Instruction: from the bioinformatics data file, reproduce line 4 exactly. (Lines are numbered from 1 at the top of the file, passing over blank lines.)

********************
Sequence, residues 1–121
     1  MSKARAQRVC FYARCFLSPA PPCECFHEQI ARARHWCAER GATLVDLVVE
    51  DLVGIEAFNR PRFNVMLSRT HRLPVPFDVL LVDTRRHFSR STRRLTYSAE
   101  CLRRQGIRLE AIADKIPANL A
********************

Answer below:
   101  CLRRQGIRLE AIADKIPANL A